Principles of Government and Law With Instructional Strategies Jim Nash Bidwell Junior High Chico, CA firstname.lastname@example.org www.chicousd.org/~jnash
Personal Information • Teacher 7th Grade World History and 8th Grade United States History • B.A. Political Science C.S.U. Chico • P.I.E. Alumni Since 2000
Objectives: 1. Honored teachers from Central Asia will gain a better understanding of principles of government and law in the United States. 2. Honored teachers from Central Asia will gain a better understanding of how our history has shaped our democracy.3. Honored teachers from Central Asia will be exposed to a variety of instructional strategies.4. Honored teachers from Central Asia and I will have a meaningful exchange.
Historic Context Our government and our laws were born out of our experience as colonists living under British Rule.1607-1763 Era of English Colonization1763-1775 The Gathering Storm1775-1781 The War for American IndependenceThe American people are an independent people who have had a long tradition of self rule through local government.
Instructional Strategy: Primary Source Documents. The Declaration of Independence “We hold these truths to be self-evident, that all men are created equal, that they are endowed by their Creator with certain unalienable Rights, that among these are Life, Liberty and the pursuit of Happiness.” “He has kept among us,in times of peace, Standing Armies without the Consent of our legislatures” “For cutting off our Trade with all parts of the world”“For imposing Taxes on us without our Consent” “The history of the present King of Great Britain is a history of repeated injuries and usurpations, all having in direct object the establishment of an absolute Tyranny over these States. To prove this, let Facts be submitted to a candid world.”
Constitutional Principles Federalism is a shared responsibility of government between a state government and a national government. A separation of powers in government keeps government officials from becoming too powerful. Popular sovereignty means that the people will be the ultimate power in government. Constitutional rights are rights guaranteed to all Americans.
Federalism As English colonists, Americans developed effective local government to deal with day to day issues. Americans were independent in many ways. When Mother England pressured colonists to obey English law, Americans resisted. Americans felt that they were being denied basic rights. After wining our independence, we created a very weak central government because people, and state governments, were fearful of too much power in the hand of too few. “No More Kings!”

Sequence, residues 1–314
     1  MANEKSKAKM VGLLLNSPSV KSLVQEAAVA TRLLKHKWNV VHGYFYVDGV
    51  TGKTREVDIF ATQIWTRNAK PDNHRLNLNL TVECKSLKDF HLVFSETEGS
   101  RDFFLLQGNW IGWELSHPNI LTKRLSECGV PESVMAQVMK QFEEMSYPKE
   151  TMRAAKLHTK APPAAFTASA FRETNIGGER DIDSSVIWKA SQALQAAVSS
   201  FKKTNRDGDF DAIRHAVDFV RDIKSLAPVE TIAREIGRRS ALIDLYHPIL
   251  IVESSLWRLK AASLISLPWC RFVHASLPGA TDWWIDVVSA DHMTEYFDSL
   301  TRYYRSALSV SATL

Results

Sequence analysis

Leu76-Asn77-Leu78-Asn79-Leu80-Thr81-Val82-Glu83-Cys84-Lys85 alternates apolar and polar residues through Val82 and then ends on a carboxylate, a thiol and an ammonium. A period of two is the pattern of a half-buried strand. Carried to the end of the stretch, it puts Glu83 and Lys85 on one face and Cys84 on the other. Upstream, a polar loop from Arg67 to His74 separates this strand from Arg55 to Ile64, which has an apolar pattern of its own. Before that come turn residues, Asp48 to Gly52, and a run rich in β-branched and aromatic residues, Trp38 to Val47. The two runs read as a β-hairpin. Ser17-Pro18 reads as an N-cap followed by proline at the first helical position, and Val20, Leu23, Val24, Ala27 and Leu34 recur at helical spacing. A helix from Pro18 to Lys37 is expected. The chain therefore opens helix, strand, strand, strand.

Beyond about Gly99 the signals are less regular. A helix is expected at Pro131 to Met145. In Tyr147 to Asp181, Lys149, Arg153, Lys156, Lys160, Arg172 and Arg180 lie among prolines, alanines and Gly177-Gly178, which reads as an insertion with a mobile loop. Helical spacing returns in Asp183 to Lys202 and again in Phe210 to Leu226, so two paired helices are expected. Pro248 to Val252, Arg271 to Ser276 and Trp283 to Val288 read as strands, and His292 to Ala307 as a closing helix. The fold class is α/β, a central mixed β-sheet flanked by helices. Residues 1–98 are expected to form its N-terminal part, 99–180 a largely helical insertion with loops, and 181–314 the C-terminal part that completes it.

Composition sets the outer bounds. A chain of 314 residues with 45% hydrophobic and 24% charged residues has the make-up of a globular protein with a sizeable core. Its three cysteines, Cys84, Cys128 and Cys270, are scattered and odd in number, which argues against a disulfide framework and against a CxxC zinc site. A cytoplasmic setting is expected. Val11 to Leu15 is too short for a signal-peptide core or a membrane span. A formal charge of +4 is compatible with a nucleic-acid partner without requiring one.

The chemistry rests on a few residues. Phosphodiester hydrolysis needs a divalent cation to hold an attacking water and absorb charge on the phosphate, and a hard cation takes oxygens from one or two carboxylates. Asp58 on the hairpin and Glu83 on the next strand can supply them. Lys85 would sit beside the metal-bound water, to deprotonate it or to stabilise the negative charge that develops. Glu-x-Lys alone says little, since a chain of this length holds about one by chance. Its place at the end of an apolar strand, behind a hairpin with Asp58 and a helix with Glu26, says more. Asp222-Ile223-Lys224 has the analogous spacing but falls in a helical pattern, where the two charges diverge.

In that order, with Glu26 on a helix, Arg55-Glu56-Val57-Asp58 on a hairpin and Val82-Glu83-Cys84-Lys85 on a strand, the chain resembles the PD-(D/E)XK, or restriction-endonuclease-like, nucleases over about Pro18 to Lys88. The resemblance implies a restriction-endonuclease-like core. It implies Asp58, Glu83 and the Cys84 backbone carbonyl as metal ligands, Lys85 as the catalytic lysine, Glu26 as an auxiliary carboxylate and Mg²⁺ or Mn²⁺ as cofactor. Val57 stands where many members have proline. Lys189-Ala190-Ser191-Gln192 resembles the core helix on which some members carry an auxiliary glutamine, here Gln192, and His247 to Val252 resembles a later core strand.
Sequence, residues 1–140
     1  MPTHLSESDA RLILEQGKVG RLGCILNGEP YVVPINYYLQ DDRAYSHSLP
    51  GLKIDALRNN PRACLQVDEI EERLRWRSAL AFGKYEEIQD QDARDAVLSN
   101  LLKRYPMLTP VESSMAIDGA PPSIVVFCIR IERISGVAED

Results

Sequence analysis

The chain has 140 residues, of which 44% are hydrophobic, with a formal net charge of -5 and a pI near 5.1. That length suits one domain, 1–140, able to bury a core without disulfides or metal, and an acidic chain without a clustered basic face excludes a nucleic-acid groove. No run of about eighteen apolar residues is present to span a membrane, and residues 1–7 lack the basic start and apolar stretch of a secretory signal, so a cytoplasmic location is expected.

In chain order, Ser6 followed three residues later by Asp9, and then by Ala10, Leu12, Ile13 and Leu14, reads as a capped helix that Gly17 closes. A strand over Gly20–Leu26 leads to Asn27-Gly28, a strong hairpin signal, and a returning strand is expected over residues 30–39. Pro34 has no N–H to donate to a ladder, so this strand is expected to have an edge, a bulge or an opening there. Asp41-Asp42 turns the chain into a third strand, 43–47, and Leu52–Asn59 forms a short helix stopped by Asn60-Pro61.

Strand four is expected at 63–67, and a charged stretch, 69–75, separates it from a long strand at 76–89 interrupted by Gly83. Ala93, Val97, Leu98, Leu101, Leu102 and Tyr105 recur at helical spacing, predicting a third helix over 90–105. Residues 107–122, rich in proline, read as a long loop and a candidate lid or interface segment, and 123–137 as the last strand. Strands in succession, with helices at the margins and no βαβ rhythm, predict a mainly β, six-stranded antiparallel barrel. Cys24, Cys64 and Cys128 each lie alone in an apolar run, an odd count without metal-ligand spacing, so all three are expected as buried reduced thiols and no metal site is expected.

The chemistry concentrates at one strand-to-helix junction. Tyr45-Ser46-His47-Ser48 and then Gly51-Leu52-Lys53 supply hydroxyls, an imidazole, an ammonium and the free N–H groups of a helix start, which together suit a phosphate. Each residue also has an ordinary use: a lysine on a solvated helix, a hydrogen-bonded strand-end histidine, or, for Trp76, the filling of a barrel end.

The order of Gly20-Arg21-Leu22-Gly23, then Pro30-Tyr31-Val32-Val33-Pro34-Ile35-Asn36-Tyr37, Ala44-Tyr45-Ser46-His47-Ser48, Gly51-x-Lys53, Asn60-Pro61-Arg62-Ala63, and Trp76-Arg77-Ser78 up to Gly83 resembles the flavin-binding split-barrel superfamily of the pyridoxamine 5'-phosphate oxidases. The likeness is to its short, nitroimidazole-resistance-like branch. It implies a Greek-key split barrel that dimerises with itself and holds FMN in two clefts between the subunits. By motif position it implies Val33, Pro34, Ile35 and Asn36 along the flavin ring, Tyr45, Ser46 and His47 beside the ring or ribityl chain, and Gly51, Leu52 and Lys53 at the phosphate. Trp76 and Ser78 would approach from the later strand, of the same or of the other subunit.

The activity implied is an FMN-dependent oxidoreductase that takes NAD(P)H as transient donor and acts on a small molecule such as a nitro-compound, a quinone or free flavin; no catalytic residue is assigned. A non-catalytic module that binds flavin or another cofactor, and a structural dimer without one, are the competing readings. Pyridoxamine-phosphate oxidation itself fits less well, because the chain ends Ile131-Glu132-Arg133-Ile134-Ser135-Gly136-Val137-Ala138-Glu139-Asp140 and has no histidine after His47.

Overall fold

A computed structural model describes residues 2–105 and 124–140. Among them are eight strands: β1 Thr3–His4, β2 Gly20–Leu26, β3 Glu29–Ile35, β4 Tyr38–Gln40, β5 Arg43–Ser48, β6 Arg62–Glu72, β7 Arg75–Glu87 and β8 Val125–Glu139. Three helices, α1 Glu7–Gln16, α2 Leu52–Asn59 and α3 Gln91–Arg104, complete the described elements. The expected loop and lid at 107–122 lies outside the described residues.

Federalism Continued Our first attempt at self-rule was a failure. Our first constitution, The Articles of Confederation, gave most of the power in government to the states. The national government was very weak. Many problems, economic and military, led to the creation of our current Constitution. Working together & sharing power National Government State Governments
Instructional Strategy: Small group competition. “Preamble Scramble” The Preamble to the United States Constitution “We the people of the United States, in order to form a more perfect union, establish justice, insure domestic tranquility, provide for the common defense, promote the general welfare, and secure the blessings of liberty to ourselves and our posterity, do ordain and establish this Constitution for the United States of America.”
Federalism Continued: Our system of government operates on many levels. Every level of government has power to pass laws. However, the National Government is supreme.
Separation of Powers in the National government Checks And Balances
Instructional Strategy: Use Technology Internet activities: Geography Quizzes Current Events Web Based Lessons
Popular Sovereignty Popular sovereignty means that the people will be the ultimate power in government. Americans exercise their political power by voting. Peaceful protests are a constitutional right.
Instructional Strategy: Hands on History 1861 – 1865 The War Between the States
Constitutional Rights The Bill of Rights During the late 1780s, two groups opposed each other, the Federalists who wanted a strong government and no bill of rights, and the Anti-Federalists who wanted more power for the states and a bill of rights. To reach an agreement, James Madison promised to add a bill of rights to the Constitution.
Instructional Activity: Opinion Papers Take a stand on the issue of Gun Control: 2nd Amendment : “A well regulated militia, being necessary to the security of a free state, the right of the people to keep and bear arms, shall not be infringed.” Should Americans have the right to own any type of firearm they like? Should our government have the power to limit the types of firearms Americans can own?
Discussion: • Possible topics: • Government and Law in the United States • Teaching strategies • Cultural questions • Current events